Sadly, McKimson's return to the studio would not be enough to save it. The new characters did not catch on. Cool Cat and Merlin the Magic Mouse would continue to appear on Warner Brothers related merchandise into the Seventies and Eighties. Among this merchandise were Pez dispensers, a series of Pepsi collectible drinking glasses, and Dakin figures. The shorts were also released to television in packages that included shorts from Warner Brothers animation studio's better days. Of course, even then, I suspect many kids' reaction to the characters was simply, "Who the heck are they?" Unlike previous Warner Brothers characters, Cool Cat and Merlin the Magic Mouse inspired no comic books, no Big Little Books, and no TV series. They didn't leave much of a lasting impression at the studio. Indeed, they didn't appear in either of the two Looney Tunes, live action feature films.

Perhaps because their new characters failed to catch on, Warner Brothers found their new shorts performing less and less well. As a result the animation studio closed its doors in 1969. They would not reopen until 1980. "Injun Trouble," starring Cool Cat, was the last short they released. As to why the new characters failed to catch on, many animation historians and fans believe that it was perhaps because the characters were too much a product of their times. Cool Cat was a takeoff on beatniks of the Sixties. Bunny and Claude were an attempt to capitalize on the success of Bonnie and Clyde. Merlin the Magic Mouse was perhaps less contemporary--stage magicians more or less being timeless--but he was based to a large degree on W. C. Fields. Unlike the classic Warner Brothers characters, such as Bugs Bunny and Daffy Duck, neither Cool Cat nor Merlin the Magic Mouse could be described as truly timeless. Another reason the new characters may have failed is that to a large degree they resembled many of the characters then featured on Saturday morning television. Both Cool Cat and Merlin the Magic Mouse could have passed for characters created by Hanna-Barbera (albeit without the personality of H-B characters) or DePatie-Freleng.

Some of the new characters would appear from time to time in Warner Brothers cartoons in the Nineties, albeit only in cameos. Cool Cat and Colonel Rimfire managed to put in brief appearances in the TV series Sylvester & Tweety Mysteries and the direct to video release Tweety's High Flying Adventure. And while I may be wrong, I believe that Bunny and Claude also made appearances in Sylvester & Tweety Mysteries as well. Poor Merlin the Magic Mouse seems to have been left out in the cold, as it seems to me that his last appearance on the big screen was in 1969.

The animated shorts released by Warner Brothers from 1964 to 1969 have largely been dismissed by animation fans and historians alike. In fact, it is often not unusual to see both Cool Cat and Merlin the Magic Mouse pop up on various lists of people's "least favourite Warner Brothers cartoon characters." To be fair, however, it must be pointed out that Warner Brothers produced animated theatrical shorts longer than anyone else besides Walter Lantz. And it must be pointed out that the animation studio was provided with an extremely limited budget. In 1967 the average cost of the shorts was approximately $27,000. Keep in mind that in 1953, when a dollar bought a lot more than it did in 1967, the classic "Duck Dodgers in the 24 1/2th Century" cost $24,022! That the animators at Warner Brothers were able to make any animated shorts of any quality at all was remarkable. While they are hardly up to par with the shorts Warner Brothers made in the Golden Age of Animation, the studio should at least be given credit for trying to keep the form alive when other studios had folded.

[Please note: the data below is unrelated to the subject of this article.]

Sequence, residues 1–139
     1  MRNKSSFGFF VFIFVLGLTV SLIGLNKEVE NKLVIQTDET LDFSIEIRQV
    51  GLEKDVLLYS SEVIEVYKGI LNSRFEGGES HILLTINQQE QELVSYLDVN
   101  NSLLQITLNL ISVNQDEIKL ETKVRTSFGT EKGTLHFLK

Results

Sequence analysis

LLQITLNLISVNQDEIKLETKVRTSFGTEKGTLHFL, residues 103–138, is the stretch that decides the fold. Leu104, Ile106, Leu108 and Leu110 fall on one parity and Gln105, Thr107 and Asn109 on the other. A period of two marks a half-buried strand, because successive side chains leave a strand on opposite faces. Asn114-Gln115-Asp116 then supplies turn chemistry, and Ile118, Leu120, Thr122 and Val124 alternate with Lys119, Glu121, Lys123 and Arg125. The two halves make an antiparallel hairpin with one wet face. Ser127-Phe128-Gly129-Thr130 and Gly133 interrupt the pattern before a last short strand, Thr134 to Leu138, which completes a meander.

Thursday, April 5, 2007

Director Bob Clark Killed in Car Crash

Director Bob Clark, best known for the holiday classic A Christmas Story, and his son, Ariel Hanrath-Clark, were killed Wednesday when a SUV driven by a drunk drive collided with their vehicle. Bob Clark was 67. His son was only 22.

Clark was born Benjamin Robert Clark in Ft. Lauderdale, Florida on August 5, 1941. He attended Catawba College in North Carolina, where he majored in philosophy, before winning a football scholarship to Hillsdale College in Michigan. Eventually, he attended the University of Miami where he majored in theatre. He could have a professional football career, but turned down all offers for such.

Bob Clark began his film career with a low budget exploitation film called She-Man released in 1967. Clark switched gears and started directing in the horror genre, with the films Children Shouldn’t Play with Dead Things (hippies battle the undead) in 1972, Dead of Night (AKA Deathdream) in 1974, and Black Christmas released that same year. It was in the latter two films that Clark began to display some talent. In fact, Black Christmas (a pre-Halloween holiday themed, slasher movie) is considered by some a classic by some.